Thank you for writing a really honest piece about a topic which many adopters struggle to raise, especially with the professionals! It needs to be talked about far more often than it currently is. I read a piece of research the other day which stated that it was believed that stress and anxiety in adoptive parents is far more likely to reach clinical levels (involving the need for medical intervention, medication and talking therapies, etc) in 40-50% of adoptive couples. I can be well believe this from the people I’ve spoken since adopting two years ago. I don’t know if this helps you but it helped me – you are definitely not alone! Also, it sounds very much like you are proactive in seeking help and strategies to move forward which is what many of us struggle to do when feeling so overwhelmed. Mindfulness and yoga in particular are excellent. Two things j would say about them. Firstly, yoga – in my experience- is either just average/mediocre or incredibly powerful. Before I found a rather powerful form of yoga (powerful in terms of the impact it had on my wellbeing) I was doing an old Linda barker yoga DVD. Now I access clips on YouTube, called Yoga with Adriene. She does a great variety of targets yoga videos, eg for stress and anxiety (my favourite) – helps me calm down in 15-20 mins when in a stress induced daze which can last for days. Her 39 day yoga camp is brilliant too. I’ve yet to make it past day 1 – I keep repeating it because it’s so good!
    Secondly, mindfulness. I have a couple of apps which I love. However there are so many different versions /forms of mindfulness though. For avoiding relapses into depression and anxiety it is proving groundbreaking, almost a a effective as medication. Combined with medics it is believed to increase effectiveness of medication and help sufferers come off medication and avoid relapse. I would get into YouTube and search Mark Williams Guided meditation. He is a lovely man who is involved in the Oxford centre for mindfulness. His other videos on YouTube are also great, just for teaching yourself about the theory behind mindfulness. It helps me believe j need to persever with mindfulness. If practicing mindfulness every day in approx 8 weeks it is believed it rewires the brain. New neural connections are formed that help us become calmer and less anxious. But get inking and see the research for yourself. It will work if we persevere on a daily basis. Mark Williams has several teaching videos on YouTube and he talk about the clinical trials going on all over the world showing the power of mindfulness to rewire our brains. You’re brain is amazing and you can change it. In the meantime, “keep on keeping on”. For now it might feel bad and we can accept that it is bad and we will put our heads up, dig deep and push on. When it feels like all is falling apart remember you’re not alone, you are strong and “this too will pass”.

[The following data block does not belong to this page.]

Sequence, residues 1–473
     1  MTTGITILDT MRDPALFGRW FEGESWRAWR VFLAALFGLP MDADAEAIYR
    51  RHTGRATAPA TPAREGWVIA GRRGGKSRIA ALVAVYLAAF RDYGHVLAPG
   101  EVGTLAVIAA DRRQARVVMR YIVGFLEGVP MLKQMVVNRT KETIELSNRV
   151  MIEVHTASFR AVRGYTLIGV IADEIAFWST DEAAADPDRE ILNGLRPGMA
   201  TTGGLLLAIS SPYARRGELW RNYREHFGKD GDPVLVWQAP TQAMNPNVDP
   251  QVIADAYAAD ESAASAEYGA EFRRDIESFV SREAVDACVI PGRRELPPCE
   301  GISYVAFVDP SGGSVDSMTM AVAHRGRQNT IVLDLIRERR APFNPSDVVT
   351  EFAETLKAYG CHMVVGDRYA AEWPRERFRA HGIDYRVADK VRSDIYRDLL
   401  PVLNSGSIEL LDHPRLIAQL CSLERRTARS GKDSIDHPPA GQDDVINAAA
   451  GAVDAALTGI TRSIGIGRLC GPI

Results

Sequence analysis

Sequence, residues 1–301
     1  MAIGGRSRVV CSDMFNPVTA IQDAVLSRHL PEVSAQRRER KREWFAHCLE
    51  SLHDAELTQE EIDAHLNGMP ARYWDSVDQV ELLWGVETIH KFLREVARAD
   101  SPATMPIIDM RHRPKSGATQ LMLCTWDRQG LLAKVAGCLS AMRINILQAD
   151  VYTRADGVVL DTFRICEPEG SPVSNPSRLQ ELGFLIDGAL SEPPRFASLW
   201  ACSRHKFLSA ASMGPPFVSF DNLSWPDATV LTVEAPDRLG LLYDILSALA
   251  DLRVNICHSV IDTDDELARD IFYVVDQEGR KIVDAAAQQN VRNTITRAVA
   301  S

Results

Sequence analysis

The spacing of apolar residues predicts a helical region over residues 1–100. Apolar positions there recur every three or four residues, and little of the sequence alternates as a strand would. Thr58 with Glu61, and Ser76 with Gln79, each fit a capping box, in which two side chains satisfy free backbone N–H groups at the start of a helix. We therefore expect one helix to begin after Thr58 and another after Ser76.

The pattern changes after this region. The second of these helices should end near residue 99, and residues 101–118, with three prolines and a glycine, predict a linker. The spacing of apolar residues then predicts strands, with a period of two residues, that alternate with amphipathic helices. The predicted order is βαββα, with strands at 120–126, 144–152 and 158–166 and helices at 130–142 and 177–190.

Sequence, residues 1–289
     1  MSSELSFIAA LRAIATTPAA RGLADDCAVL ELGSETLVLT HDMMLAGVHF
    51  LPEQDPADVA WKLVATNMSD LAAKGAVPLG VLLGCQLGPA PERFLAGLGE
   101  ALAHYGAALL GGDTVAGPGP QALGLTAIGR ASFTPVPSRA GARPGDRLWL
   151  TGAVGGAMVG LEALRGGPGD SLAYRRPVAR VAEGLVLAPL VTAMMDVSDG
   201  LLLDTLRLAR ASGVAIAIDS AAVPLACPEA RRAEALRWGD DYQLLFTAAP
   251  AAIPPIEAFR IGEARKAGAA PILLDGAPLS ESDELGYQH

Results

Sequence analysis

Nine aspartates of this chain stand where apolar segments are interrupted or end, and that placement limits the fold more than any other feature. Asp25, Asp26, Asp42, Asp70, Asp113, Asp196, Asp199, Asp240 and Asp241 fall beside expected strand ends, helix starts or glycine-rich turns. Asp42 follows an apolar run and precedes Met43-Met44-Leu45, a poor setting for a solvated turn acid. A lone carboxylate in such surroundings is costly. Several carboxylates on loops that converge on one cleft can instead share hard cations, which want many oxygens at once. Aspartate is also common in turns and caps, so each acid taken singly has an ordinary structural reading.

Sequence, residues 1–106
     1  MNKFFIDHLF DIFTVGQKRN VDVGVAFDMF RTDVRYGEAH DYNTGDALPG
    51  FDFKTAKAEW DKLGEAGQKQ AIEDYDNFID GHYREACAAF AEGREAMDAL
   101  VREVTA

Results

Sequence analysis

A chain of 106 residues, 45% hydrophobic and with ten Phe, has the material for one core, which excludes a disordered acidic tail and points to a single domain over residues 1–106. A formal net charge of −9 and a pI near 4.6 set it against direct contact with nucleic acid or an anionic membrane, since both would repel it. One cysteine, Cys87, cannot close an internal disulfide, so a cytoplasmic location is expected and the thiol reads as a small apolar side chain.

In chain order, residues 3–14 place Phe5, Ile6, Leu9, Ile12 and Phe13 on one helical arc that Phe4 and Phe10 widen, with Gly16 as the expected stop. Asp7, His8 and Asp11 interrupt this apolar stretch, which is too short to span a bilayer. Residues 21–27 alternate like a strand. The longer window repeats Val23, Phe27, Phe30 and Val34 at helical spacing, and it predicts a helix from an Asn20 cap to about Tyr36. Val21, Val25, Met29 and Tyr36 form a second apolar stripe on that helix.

4. Haven

    Time away from the kids that involves a bit of exercise is my saviour. I am the world’s worst runner, but I try to get out every so often for a wee run and I go walking with a wee group – the chat in that is also very beneficial. I also go swimming from time to time on my own, which is relaxing. If I feel down, I do find the endorphins from running or swimming a massive help.

    Adoption is relentless, and for me, these precious bits of me time make the difference between weeping in a heap and getting on with things!

    I hope you find something that works for you. Take care of yourself.

  5. Hushabyemountainblog

    I’m struggling this morning, so popped over here for a virtual hug, so this is a timely post. All the advice is great. Getting outside and walking, digging the allotment, help me find ways to get on with the rest of the day and tackle the jobs I can’t face (those that are related to dealing with the children’s trauma), and help me accept what I am feeling.

  6. Mary Mills

    I know how you feel. In fact these past few days have been especially hard. Adopting brings up so much in us that we didn’t even know we had. I would like to add another suggestion to the variety above. Pray. I don’t know what you believe, but the God who created you is the one who can most help you. He already knows the truth–your innermost struggle that you don’t share with anyone, so there is nothing to be ashamed of. I have 7 children, 4 bios, and three adopted. Our youngest have only been with us for 11 months. It is hard. The hardest, but probably the best thing we will ever do in life. You are not alone. He is with you. I really do get it. Hold on. Hold on to HIm.